Plagiarists are likely to be caught. Although plagiarism has been widespread in recent years, colleges are fighting back. Papers submitted electronically in courseware like SLN and WebCT are easily profiled against databases containing literally billions of other papers and articles from the internet and from schools everywhere in the world. Anti-plagiarism software, such as that provided by Turnitin.com, finds the unacknowledged source(s) of any plagiarized papers and flags the problems for professors to review. The consequences of being caught include course failure and possible expulsion from school.

Plagiarists live with the knowledge that they have cheated. From a Socratic point of view, this self-destructive poisoning of the mind is perhaps the thing that is most wrong with plagiarism. The plagiarist harms his or her own future happiness and peace of mind. The memory of cheating remains in the plagiarist's thoughts where it hurts self-esteem and confidence forever. The worry about getting caught never dies; many cases have occurred where graduates have been stripped of their degrees after their plagiarisms belatedly have come to light.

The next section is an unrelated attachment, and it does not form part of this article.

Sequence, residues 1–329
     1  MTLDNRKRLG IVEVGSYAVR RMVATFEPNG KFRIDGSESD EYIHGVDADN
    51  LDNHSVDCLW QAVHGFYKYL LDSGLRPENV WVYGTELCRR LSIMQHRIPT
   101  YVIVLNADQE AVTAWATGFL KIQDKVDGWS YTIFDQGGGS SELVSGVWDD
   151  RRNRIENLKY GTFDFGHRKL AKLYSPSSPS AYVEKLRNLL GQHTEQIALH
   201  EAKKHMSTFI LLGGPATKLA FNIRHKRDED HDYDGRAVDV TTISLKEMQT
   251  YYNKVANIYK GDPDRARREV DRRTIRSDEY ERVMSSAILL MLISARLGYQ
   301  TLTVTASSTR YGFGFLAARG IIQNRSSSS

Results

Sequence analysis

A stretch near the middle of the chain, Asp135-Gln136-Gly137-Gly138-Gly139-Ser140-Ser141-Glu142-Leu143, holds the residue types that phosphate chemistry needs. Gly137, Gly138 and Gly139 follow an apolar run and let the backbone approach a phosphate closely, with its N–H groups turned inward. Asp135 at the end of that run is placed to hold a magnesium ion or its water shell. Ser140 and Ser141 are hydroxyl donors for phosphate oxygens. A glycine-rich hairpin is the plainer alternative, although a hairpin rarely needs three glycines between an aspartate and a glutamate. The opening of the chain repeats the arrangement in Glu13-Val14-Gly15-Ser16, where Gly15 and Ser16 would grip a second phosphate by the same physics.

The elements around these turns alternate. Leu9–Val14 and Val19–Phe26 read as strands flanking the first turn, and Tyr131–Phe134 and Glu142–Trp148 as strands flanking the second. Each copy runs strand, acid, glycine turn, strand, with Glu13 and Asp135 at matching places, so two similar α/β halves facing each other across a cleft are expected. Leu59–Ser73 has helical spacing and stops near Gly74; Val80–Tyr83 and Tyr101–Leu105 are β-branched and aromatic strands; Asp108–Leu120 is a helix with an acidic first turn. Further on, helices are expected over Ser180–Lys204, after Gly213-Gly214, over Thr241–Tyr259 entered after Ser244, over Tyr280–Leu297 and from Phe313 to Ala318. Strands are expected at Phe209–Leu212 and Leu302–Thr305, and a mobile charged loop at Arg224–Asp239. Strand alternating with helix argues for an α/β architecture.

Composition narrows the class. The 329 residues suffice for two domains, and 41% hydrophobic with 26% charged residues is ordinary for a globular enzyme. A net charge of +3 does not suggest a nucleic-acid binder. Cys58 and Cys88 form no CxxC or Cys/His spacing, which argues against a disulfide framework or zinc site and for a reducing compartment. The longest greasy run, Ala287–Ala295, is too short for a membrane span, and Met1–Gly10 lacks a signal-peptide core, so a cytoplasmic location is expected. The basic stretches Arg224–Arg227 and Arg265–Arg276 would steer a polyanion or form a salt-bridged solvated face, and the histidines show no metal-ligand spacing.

Some students may think that plagiarism makes life easy, but I have evidence to the contrary. For instance, when I was teaching at Notre Dame in the 1970's, a student in one of my freshman English classes submitted a short paper that had been taken word for word, without quotation marks, from Cliff's Notes. When I confronted him, he at first denied any wrongdoing but very soon broke down in tears and wailed about how it always had been his dream to attend Notre Dame and how his dad--a very active alum--would be crushed. The student was expelled. His father drove in from Dayton and took him home. That wasn't easy for anybody except Cliff.

3. When to quote, paraphrase or summarize

There are three different ways to borrow from a written source. We can quote (use the actual words from the source, in quotation marks or block quote format), or we can paraphrase (translate or restate the words of the source), or we can summarize (digest or condense the ideas of the source into far fewer words). All three types of borrowing must be acknowledged with proper citation.

Which way is best for us to use? The general answer is that quotation should be limited, and source summaries are preferred (Hacker 120). Quotation and paraphrase are appropriate when a particular source has primary importance to our paper. For example, suppose that we are writing a research paper on some aspect of Plato's "Apology." In such a paper, Plato's dialogue itself will have primary importance. (We call it a "primary source.") Other books and articles that researchers have written about the "Apology" will have lesser or secondary importance in the paper. (We call them "secondary sources.") What Joe Blow wrote about Plato's dialogue probably should be summarized, not quoted, not paraphrased, even if Joe is an eloquent scholar. Secondary sources in general don't deserve the spotlight that is thrown on them by direct  quotes or paraphrases.